Hundreds of thousands of people peacefully communing for a weekend of music, free love and mind-expanding drugs — in today’s era of mass shootings, the popular free-wheeling image of Woodstock can seem a bit naive.
Major events in America now are not complete without metal detectors, bomb-sniffing dogs, bag inspections — and the ever-growing paranoia that a gunman could be in the crowd.
And law enforcement officials say the chances of a Woodstock-like gathering ever organically springing up again are slim.
“It’s a very, very different environment than it was 50 years ago,” said Stuart Cameron, the police chief in New York’s Suffolk County on Long Island.
An event akin to the original Woodstock is “not something we would allow to have happen,” Cameron told AFP.
“We’re concerned about the public safety risks.”
Reports from the era are conflicting, but at least two people are believed to have died at Woodstock in 1969 — one who was run over by a tractor cleaning up, and one of a drug overdose.
Security at the four-day music extravaganza on a farm north of New York was rather quaint as compared with today’s standards.
Organisers flew in members of The Hog Farm, now considered to be the longest running hippie commune in the United States.
The group served food and tended to festival-goers experiencing negative LSD trips in “freakout tents,” while members of the “Please Force” asked revellers politely to keep the peace.
When food quickly ran out, benevolent local residents started donating provisions.
To mark the 50th anniversary of the 1969 festival, one of its original organisers, Michael Lang, had hoped to put on a bash for the ages, with some 80 acts ranging from original participant Santana to Jay-Z.
But unlike in the good old days, he and his team couldn’t just find a farmer willing to host when his original site fell through, erect some semblance of fencing and hope for the best.
The dream of Woodstock 50 morphed into a nightmare and ultimately failed, as this year’s organisers were denied permit after permit over issues like medical care plans, adequate water supply, food safety and security personnel.
“Everyone is very safety conscious in this day and age. Far more health conscious,” said Cameron.
“People assume if they buy food at an event, it’s safe to eat — that if they get injured, there will be an ambulance.”
“Back then, I don’t know if that was necessarily assumed.”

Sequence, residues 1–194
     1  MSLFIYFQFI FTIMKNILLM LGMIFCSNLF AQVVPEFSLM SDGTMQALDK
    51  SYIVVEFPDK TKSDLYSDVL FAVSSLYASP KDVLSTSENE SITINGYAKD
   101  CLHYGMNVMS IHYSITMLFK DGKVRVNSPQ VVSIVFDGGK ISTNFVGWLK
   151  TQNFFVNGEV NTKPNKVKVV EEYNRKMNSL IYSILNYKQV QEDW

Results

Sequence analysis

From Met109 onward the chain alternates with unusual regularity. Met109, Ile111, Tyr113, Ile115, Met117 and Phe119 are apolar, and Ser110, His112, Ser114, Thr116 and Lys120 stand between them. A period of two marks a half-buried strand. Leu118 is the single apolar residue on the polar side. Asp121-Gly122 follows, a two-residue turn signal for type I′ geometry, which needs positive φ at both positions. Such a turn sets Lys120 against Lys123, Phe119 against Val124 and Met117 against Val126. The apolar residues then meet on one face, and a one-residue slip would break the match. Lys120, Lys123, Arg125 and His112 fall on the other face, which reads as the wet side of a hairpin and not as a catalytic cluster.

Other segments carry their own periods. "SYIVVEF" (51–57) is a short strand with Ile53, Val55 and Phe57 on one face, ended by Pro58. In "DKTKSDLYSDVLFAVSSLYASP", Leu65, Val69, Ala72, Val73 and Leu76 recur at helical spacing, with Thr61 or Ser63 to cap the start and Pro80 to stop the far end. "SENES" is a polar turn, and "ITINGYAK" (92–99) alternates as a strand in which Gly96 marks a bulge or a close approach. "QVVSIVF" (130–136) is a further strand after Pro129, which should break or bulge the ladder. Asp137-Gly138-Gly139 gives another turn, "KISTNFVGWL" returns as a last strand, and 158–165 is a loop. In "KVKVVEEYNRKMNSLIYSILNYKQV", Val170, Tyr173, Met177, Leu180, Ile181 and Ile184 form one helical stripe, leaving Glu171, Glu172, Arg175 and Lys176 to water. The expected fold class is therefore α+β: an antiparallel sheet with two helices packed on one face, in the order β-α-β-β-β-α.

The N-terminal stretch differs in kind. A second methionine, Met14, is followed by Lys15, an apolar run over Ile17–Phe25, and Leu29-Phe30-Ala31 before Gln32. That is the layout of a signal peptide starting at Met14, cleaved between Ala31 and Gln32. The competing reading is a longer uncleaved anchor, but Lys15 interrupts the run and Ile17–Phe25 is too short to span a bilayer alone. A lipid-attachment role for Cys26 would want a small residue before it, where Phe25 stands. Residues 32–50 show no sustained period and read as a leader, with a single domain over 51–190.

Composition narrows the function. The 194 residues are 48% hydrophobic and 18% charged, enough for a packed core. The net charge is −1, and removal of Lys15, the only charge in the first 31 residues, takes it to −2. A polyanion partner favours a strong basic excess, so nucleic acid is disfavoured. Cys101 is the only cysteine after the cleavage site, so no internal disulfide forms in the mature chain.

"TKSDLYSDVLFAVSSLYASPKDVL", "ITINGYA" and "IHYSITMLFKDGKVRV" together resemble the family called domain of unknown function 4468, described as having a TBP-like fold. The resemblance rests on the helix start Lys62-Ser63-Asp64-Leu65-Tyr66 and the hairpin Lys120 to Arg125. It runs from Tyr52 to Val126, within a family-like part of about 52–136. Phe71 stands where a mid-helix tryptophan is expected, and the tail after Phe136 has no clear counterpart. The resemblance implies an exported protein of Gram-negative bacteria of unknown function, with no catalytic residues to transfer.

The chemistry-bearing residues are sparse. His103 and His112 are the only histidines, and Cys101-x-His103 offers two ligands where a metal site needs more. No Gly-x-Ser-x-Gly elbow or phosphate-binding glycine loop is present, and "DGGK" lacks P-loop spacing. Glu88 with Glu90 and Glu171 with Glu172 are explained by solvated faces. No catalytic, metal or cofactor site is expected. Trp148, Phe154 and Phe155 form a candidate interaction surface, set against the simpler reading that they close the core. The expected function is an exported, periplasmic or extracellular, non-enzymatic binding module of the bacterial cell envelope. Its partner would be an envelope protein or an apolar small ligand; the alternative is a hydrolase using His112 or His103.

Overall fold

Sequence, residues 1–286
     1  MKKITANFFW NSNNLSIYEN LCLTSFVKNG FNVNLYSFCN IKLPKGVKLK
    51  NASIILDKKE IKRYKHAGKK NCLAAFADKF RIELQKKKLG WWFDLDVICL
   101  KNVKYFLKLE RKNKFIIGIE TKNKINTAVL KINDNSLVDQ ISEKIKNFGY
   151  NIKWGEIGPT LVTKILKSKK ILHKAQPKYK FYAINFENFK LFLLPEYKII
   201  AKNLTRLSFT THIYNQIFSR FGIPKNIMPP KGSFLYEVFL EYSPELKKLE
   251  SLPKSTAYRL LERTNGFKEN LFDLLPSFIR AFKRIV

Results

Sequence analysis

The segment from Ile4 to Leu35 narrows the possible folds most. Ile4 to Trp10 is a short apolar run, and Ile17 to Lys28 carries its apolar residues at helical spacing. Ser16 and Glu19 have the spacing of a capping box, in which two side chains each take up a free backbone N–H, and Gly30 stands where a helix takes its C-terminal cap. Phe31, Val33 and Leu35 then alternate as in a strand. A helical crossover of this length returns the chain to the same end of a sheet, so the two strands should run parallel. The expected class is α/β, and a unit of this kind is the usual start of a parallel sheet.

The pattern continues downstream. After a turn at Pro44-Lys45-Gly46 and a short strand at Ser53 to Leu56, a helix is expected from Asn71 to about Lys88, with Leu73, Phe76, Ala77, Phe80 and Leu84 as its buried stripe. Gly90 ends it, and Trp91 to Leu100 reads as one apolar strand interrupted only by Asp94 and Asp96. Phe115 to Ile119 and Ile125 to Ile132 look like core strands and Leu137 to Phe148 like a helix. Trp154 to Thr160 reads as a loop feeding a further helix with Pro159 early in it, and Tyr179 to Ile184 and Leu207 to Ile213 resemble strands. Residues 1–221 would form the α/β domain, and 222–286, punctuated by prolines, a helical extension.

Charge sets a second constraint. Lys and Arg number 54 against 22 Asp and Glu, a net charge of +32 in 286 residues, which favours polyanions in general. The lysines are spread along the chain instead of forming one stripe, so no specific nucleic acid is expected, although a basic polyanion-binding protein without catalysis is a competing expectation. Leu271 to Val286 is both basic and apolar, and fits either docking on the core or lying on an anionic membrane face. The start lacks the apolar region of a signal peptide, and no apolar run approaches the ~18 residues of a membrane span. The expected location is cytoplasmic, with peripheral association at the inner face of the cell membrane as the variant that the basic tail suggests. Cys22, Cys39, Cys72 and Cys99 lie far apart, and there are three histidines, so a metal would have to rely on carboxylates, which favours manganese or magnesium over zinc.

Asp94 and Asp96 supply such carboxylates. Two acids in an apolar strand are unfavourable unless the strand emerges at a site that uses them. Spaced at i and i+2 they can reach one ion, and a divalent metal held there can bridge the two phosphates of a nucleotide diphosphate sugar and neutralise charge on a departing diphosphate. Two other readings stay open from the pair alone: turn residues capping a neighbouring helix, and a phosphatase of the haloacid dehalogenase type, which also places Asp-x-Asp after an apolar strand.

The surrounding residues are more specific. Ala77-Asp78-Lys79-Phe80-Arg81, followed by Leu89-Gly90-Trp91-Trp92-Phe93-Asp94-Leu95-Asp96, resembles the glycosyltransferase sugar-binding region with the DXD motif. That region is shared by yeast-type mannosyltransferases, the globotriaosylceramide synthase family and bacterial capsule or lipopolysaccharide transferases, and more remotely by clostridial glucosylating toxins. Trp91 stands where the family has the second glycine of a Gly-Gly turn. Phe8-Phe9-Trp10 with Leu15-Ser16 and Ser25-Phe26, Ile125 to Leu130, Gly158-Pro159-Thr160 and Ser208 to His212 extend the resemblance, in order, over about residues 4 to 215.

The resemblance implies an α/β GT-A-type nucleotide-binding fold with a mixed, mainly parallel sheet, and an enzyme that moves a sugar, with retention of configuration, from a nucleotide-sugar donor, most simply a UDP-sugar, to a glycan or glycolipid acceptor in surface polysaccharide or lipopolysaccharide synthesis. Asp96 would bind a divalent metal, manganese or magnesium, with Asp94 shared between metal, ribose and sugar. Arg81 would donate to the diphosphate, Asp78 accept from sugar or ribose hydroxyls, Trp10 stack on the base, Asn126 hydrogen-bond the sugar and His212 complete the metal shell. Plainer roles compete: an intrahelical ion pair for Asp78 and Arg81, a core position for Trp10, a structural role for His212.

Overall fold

Beyond issues of sanitation, the horrifying rise in mass killings in recent years, including at concerts both open-air and indoors, has diminished the likelihood of another mass gathering like Woodstock from ever occurring — and the prospect that attendees would even want to attend an event as lax as it was.
Later in 1969, California’s Altamont concert ended in tragedy, with four people dying — including one killed by members of the Hells Angels motorcycle gang, which had been hired and tasked with securing the event.
A Woodstock commemoration festival in 1999 was marred by reports of violence, looting, fires and rape.
Paris’s Bataclan concert hall was the site of a massacre in 2015 during a coordinated terror attack on the French capital.
In 2017, a gunman sprayed bullets over a concert in Las Vegas, killing scores of concertgoers.
That same year, an Ariana Grande concert in Manchester ended in fatal tragedy after what authorities said was a suicide bombing.
“I don’t know that people would aspire to go to an event that doesn’t have adequate security in this day and age,” Cameron said.
The music festival circuit has of course boomed in recent decades — Coachella, Glastonbury and Lollapalooza are all prominent examples — but they are expensive, regulated and fortified with security gates, sensors and guards.
Retired NYPD detective sergeant Joseph Giacalone worked for decades forming detailed security plans for events like the New Year’s Eve party in Times Square.
For Giacalone, over the years, “every dynamic has changed in law enforcement, and how you go about policing these kinds of events.”
“The big thing used to be smuggling in drugs and alcohol, but now it’s people bringing in weapons of mass destruction and killing everybody,” he said.
“It’s not that we didn’t have mass shootings before, but they were few and far between,” Giacalone said, citing the 1966 tower shooting massacre in Austin, Texas that remained the deadliest such event in the US for 18 years.
“The fabric of society has changed over the last 20 or 30 years,” he said, saying that the perceived utopia of the Woodstock festival simply could not happen again given those shifts.
“It’s never going to be the same experience for people who remember the sixties,” Giacalone said.
© Agence France-Presse